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Tory MPs slam Trudeau for veiled threat to Alaska to Alberta railway

“This is what (Trudeau) does, he hates to see projects going ahead in Alberta,” said Stephanie Kusie, Calgary Midnapore MP

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Conservative MPs are hitting back at Prime Minister Justin Trudeau’s comments that Bill C-69 may be used to stop a proposed $22-billion railway in it’s tracks.

“This is what (Trudeau) does, he hates to see projects going ahead in Alberta,” Stephanie Kusie, Calgary Midnapore MP and shadow critic for transportation, told the Western Standard.

“It’s his old trick – anything that could benefit Alberta and he pulls out his old friend Bill C-69.

“I just wish he had been a bit more gracious and let us enjoy the thought of it a little longer.”

U.S. President Donald Trump issued an executive permit last month allowing a $22-billion international railway to be built between Alaska and Alberta. Alberta Premier Jason Kenney has also thrown his support behind the proposal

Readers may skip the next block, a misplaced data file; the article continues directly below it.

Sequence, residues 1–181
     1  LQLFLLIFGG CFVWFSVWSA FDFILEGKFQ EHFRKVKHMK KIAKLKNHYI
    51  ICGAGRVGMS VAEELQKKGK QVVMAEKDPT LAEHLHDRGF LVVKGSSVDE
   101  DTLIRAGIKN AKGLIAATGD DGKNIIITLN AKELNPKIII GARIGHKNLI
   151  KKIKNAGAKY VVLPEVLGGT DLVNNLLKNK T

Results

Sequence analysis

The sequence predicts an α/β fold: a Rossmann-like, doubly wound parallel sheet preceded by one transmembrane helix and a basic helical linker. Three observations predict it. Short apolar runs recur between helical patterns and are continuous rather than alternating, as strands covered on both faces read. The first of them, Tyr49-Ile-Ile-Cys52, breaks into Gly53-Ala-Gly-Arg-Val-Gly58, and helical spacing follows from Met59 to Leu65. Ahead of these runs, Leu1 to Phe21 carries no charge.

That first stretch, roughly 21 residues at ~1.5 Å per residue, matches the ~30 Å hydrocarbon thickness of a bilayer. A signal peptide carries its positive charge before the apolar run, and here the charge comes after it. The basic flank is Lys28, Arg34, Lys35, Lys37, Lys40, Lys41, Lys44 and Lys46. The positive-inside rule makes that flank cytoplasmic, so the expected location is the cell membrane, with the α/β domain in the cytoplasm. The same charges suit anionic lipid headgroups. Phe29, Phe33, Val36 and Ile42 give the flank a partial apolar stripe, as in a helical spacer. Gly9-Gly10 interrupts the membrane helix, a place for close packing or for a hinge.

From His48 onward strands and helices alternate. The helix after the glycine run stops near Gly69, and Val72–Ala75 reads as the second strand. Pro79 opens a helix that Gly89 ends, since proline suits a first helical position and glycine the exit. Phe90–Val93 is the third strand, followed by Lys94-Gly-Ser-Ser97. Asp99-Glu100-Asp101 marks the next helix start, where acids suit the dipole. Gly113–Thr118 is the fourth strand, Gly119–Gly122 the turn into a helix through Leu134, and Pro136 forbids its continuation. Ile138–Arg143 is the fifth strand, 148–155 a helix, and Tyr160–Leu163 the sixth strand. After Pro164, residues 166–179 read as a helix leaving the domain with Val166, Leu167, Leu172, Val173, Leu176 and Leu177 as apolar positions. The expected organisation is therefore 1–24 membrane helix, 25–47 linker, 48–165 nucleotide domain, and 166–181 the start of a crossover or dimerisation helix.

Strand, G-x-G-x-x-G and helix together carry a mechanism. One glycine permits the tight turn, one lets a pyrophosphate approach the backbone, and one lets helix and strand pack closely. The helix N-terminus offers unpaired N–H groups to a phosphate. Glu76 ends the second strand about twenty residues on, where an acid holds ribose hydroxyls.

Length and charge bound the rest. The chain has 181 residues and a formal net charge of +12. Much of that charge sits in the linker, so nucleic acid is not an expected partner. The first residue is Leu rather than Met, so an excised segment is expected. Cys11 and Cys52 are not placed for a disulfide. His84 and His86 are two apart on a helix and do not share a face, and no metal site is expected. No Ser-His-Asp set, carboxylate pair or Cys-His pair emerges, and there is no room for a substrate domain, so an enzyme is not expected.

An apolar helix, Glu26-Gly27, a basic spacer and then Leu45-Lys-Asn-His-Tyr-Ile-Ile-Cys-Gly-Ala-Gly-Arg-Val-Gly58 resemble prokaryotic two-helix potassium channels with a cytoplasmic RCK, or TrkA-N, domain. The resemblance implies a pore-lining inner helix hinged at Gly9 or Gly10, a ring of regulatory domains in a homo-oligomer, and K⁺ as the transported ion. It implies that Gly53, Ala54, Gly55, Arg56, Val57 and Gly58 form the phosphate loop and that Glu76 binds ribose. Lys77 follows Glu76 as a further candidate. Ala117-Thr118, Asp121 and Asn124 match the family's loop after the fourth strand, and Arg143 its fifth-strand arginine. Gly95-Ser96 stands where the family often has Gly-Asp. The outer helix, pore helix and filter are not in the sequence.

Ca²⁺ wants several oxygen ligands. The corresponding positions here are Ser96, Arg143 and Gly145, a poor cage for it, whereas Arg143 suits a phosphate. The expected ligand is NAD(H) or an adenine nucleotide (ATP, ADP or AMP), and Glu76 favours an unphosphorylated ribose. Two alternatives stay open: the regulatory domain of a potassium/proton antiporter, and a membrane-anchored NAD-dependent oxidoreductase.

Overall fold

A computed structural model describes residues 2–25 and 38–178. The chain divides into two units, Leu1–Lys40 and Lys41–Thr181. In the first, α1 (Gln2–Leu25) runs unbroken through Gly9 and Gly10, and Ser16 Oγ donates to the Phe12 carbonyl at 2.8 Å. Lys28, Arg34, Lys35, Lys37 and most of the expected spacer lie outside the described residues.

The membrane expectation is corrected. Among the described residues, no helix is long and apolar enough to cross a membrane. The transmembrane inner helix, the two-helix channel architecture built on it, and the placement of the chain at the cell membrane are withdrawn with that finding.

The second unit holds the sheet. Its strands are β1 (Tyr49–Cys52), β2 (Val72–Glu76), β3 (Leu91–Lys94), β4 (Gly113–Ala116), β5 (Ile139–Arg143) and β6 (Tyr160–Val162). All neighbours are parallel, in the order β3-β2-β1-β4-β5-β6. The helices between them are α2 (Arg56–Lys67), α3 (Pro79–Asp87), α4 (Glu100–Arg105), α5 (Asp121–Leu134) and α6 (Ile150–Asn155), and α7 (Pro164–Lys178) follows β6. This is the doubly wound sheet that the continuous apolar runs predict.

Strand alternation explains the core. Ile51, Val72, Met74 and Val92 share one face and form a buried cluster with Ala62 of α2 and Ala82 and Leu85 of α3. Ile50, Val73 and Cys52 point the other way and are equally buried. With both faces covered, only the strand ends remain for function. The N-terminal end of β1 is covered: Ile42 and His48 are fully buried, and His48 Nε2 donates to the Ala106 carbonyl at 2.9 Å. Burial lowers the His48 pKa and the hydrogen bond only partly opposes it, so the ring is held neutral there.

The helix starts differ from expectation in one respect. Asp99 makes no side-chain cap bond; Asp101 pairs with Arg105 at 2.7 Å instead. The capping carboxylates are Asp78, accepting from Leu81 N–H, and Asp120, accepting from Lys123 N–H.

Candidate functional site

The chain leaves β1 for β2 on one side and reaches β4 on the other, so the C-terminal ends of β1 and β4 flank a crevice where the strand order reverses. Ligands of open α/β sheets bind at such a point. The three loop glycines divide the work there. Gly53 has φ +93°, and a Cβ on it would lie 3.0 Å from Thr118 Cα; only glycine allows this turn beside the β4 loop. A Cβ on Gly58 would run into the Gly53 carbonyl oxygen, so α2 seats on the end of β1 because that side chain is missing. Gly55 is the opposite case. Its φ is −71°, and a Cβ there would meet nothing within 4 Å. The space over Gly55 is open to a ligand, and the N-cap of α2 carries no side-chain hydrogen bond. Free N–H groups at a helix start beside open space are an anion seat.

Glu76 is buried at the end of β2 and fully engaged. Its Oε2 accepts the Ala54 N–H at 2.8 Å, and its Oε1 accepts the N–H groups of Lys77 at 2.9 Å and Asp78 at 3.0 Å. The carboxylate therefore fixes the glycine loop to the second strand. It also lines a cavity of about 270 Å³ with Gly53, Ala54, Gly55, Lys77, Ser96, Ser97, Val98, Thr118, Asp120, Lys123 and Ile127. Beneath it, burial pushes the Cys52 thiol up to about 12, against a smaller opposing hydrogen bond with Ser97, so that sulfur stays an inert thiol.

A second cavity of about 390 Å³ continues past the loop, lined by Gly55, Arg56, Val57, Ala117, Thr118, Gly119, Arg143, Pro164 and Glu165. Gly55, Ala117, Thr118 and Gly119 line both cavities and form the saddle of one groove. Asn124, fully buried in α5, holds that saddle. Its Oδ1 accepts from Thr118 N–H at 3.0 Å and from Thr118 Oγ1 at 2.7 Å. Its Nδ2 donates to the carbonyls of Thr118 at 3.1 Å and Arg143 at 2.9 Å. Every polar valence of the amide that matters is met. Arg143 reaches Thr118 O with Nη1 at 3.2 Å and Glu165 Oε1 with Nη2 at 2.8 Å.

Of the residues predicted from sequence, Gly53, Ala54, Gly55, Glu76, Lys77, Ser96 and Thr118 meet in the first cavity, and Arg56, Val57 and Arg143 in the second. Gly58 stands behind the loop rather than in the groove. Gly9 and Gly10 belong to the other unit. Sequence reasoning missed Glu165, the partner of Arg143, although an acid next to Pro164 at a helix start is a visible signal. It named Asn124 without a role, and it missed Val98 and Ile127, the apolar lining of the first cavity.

But Trudeau cautioned that the plan must undergo a rigorous environmental assessment under Bill C-69, dubbed the “No More Pipelines Act” by its critics.

“Whether there is a potential for a project, before the proponent goes too far down the round and invests too much money in it, in something that is unlikely to pass,” said Trudeau.

In Canada, major infrastructure projects, such as the building of an interprovincial pipeline, a nuclear energy facility or large-scale mine are subject to federal review.

The Tory critic for natural resources and Calgary Centre MP Greg McLean said the railway would be hugely beneficial to the North.

“Any infrastructure, but especially in the North, is good,” he said.

“It just makes economic sense but we know how the PM feels about getting Alberta resource products to markets.”

A2A Rail vice chair Mead Treadwell said the so-called ‘A2A Railway’ will succeed where others have failed, because markets are hungry for resources that Canada produces, but can’t export quickly enough to meet demand.